Like I said, pure hustle.
The soundbite above features Alan Stephenson and John Angus on Hardrive with James St. Bass in June of 1992.
In 1992 Alan cashed in his jewelery business to focus on the potential within the surging rave scene. He tested the market first by selling mixtapes at the Factory nightclub and throwing a small rave, titled Atmosphere. The transition was nearly seamless – dodgy street tactics were easily applied to an untapped clandestine scene. Once all the jewelery had been liquidated, X-Static rave merchandise and Pleasure Force events became his new gems.
There’s no doubt Captain B. was extremely passionate about a scene in Toronto – even well before one existed. His influences over the years were obvious, but he also was motivated by numerous ulterior benefits. For him, the scene was a source of income, intoxication and it fostered a haven of young men with whom his relations were extremely questionable.
“The very dangerous Captain Brainstorm” – Malik X (33:53)
Alan quickly became an unqualified mentor to many young minds. Despite an unhealthy lifestyle founded in dishonesty, he managed to have monetary success – which was a misleading message to the impressionable. Armed with only the most rudimentary business skills, his biggest resource was a revolving door of exploitable young men who glorified his English accent. Me and many of my friends were among the first batch.
As the scene progressed Alan descended further into a fantasy world in which he had diplomatic immunity. And since the microcosm he inhabited was populated by teens there was no true authority to govern his corruption. Existing somewhere between X-Static, raves and chemical enhancement, he became more distant with reality with every passing Saturday night. Downtime was spent on his leather couch at 40 Gerrard St. East, soothing his mid-week MDMA woes by further self-medicating. With over-indulgence running rampant he developed a complete lack respect for the well-being of himself and those around him. No one could possibly carry on like he did without experiencing serious repercussions, and rumours about B. Mental’s mental stability were mounting. The rare conversation I had with him in 1995 revealed the person I met at my first Exodus rave wasn’t all there. Sadly B. Mental had lost touch with reality, his surname-nickname now a prophecy that had been self-fulfilled.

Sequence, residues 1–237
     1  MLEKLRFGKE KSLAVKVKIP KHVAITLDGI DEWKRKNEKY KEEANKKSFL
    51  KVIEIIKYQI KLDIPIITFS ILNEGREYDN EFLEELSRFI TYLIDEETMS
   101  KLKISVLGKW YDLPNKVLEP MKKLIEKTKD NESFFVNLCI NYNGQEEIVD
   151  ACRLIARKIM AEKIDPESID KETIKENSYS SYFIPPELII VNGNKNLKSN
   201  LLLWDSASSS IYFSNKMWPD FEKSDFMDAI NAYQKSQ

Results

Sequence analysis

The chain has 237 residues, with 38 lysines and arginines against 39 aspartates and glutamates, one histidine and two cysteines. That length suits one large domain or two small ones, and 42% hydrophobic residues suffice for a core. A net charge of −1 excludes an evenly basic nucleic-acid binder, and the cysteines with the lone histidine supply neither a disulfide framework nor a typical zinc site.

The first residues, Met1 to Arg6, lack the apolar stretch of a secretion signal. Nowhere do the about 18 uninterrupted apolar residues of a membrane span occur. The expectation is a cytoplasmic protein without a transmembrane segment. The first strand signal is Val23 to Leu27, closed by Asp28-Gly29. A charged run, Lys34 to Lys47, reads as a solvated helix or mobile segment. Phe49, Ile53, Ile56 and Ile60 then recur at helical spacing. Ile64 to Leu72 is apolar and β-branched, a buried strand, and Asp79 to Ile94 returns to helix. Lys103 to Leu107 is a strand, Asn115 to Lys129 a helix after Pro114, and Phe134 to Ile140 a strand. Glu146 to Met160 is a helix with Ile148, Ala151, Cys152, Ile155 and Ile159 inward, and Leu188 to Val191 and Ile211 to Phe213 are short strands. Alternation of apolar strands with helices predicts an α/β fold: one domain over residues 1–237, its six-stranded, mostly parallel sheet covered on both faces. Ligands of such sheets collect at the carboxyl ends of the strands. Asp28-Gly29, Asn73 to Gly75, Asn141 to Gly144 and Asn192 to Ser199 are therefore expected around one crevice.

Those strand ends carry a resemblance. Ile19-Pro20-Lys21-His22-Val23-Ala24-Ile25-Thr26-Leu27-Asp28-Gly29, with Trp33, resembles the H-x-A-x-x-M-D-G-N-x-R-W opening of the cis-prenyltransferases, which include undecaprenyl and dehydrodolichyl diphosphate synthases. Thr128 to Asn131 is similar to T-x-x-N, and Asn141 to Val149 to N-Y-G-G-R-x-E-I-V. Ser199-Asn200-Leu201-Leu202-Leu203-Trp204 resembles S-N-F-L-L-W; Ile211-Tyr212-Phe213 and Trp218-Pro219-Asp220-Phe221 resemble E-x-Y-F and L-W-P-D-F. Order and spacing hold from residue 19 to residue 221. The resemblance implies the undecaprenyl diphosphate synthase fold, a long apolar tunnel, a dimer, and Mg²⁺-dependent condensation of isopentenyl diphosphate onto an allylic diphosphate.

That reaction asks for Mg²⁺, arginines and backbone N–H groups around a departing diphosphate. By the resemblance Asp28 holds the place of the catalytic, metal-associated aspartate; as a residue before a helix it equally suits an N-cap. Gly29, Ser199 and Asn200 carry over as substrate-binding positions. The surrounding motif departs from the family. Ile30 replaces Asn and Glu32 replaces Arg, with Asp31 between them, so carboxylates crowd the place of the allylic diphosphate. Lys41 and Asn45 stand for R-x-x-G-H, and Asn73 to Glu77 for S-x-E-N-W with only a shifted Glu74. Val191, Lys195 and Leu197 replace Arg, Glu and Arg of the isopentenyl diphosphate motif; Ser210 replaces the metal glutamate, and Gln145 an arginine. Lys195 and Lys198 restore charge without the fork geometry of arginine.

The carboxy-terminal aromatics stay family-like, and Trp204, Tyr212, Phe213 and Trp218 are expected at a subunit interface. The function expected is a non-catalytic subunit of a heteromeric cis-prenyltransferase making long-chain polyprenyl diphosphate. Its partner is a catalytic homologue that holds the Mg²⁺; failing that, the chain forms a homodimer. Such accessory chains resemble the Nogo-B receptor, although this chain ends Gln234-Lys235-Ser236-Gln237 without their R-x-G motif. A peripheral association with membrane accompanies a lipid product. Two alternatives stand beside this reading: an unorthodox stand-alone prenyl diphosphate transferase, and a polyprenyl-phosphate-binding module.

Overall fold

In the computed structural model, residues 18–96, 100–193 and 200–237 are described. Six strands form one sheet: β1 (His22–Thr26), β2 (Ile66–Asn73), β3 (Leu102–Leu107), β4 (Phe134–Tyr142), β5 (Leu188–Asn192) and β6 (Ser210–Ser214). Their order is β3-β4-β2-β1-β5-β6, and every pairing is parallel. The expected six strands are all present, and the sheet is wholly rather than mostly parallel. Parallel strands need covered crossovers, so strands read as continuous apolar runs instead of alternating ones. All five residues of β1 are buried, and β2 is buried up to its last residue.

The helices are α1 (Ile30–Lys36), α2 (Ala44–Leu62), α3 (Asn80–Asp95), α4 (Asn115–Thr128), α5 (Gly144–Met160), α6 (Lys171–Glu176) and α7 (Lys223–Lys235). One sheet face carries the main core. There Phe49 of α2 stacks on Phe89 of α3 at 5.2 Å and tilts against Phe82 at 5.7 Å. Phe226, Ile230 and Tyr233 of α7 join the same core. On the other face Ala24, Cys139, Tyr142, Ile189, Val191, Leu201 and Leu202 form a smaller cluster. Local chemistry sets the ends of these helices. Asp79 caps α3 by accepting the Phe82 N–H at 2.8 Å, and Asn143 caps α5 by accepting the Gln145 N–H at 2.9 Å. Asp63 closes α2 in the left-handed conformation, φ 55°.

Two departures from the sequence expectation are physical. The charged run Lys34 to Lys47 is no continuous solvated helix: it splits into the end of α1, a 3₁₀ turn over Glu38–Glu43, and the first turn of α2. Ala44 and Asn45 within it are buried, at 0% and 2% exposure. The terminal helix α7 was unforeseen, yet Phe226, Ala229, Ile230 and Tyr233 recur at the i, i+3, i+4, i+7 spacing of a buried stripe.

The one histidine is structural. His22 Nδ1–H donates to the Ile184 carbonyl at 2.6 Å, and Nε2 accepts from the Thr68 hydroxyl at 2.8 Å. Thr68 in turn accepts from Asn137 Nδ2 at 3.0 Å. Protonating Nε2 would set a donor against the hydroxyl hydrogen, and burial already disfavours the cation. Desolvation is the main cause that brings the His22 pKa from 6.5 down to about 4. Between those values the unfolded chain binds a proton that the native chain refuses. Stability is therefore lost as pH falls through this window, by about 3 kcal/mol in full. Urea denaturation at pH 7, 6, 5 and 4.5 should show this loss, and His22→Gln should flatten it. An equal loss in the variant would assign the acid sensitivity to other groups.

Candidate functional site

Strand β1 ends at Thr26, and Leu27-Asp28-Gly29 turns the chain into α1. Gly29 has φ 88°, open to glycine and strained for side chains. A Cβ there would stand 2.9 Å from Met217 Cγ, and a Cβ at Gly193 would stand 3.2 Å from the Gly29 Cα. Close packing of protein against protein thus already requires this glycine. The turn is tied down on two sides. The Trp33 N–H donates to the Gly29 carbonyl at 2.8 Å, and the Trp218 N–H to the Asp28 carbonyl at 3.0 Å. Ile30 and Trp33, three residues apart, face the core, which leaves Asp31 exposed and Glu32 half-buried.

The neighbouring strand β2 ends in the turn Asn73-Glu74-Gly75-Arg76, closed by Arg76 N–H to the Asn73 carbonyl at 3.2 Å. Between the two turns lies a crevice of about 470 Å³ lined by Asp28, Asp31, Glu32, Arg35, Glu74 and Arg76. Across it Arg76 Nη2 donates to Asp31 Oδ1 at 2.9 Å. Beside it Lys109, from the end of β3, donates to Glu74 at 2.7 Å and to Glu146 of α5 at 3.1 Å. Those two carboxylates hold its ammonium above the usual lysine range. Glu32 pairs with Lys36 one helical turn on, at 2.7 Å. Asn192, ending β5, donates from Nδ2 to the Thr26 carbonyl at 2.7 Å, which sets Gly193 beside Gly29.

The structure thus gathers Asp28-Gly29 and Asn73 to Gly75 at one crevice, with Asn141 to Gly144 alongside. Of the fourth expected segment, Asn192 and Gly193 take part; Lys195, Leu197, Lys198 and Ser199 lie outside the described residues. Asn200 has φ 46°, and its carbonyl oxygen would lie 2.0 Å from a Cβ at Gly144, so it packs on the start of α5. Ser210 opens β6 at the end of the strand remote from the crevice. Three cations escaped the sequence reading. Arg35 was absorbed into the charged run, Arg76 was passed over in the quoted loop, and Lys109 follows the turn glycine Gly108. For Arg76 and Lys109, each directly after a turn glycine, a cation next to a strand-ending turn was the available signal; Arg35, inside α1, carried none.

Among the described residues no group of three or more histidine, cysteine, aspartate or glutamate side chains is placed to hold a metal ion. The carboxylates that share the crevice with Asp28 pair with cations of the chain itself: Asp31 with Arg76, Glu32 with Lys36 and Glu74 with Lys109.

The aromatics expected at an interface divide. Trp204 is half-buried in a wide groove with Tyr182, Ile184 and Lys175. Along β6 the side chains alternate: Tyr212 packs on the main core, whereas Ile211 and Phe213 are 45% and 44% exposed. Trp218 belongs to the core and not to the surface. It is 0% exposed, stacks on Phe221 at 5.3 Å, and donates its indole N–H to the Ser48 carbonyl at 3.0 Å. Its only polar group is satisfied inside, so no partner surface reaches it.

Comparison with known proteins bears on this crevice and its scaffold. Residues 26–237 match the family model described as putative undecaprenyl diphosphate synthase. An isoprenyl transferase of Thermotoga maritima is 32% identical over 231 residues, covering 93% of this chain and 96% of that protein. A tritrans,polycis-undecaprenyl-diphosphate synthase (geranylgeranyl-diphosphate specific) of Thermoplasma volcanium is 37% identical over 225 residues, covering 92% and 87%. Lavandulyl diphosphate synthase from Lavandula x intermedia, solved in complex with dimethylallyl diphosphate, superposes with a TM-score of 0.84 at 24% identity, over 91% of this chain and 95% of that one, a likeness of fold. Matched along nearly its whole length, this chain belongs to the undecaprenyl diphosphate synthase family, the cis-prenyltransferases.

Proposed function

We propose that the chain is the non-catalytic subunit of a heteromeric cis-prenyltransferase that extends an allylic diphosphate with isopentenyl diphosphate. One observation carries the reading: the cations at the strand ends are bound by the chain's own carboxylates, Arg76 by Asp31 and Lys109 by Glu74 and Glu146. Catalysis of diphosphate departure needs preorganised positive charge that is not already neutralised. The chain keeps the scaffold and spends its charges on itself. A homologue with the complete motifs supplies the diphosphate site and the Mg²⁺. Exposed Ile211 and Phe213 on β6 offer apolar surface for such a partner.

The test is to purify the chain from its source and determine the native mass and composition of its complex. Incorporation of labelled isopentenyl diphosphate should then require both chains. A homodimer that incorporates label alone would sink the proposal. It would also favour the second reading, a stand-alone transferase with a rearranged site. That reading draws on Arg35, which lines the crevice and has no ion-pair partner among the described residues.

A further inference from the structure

When the infamous Toronto Sun article surfaced, the charges attached to the arrest seemed to put his behavior in perspective. Nevertheless Alan defended the allegations via a published letter to the editor of Tribe magazine. He claimed the taboo materials arrived unexpectedly after signing up for a general mailing list at a gay bookstore (which operated on the other side of the Gemstones’ office wall.) He realized this defense wouldn’t hold up in the courts of Canada especially given he (and the company he kept) had been under surveillance for several months. Plus, the discovery of a large quantity of narcotics didn’t help corroborate his innocence. While on bail he transferred X-Static to his brother-in-law, tied up some lose ends and headed for Mexico.
I clearly remember the last time I saw him. I was mostly detached from the scene and working at Movenpick in the BCE place. He strolled by with his signature walk and I quickly turned the other way, fearing what he might say if he saw me in a sell-out button-down shirt and tie, making an honest living working for the man. The conversation would have gone all Derek and Clive with the ironic laughs at my expense. “You prim-and-proper-c*nt… You look ridiculous, Jimmy J!” Yes, Alan coined my nickname too, originally “H20” but replaced by “Jimmy J” after he noticed a DJ by that name on a UK rave flyer.
And despite my eventual epiphanies, I’m still curious about him because there was a moment in time that I considered him to be a good friend. How is he now? What does he do for a living? Given that he’s now 50-years of age (and hopefully back in touch with reality) he certainly has his own demons of dual perspective to deal with.
But the burning question still remains: Was he able to bring his coveted collection of mixtapes with him when he fled Canada? Alan was responsible for managing the 23 Hop booth tape deck during Exodus raves so he undoubtedly had the best archive of Toronto rave audio in existence. If the tapes weren’t seized when his apartment was raided, they may very well be in some part of West Sussex in England, either Littlehampton or Bognor Regis, where he’s currently rumoured to reside.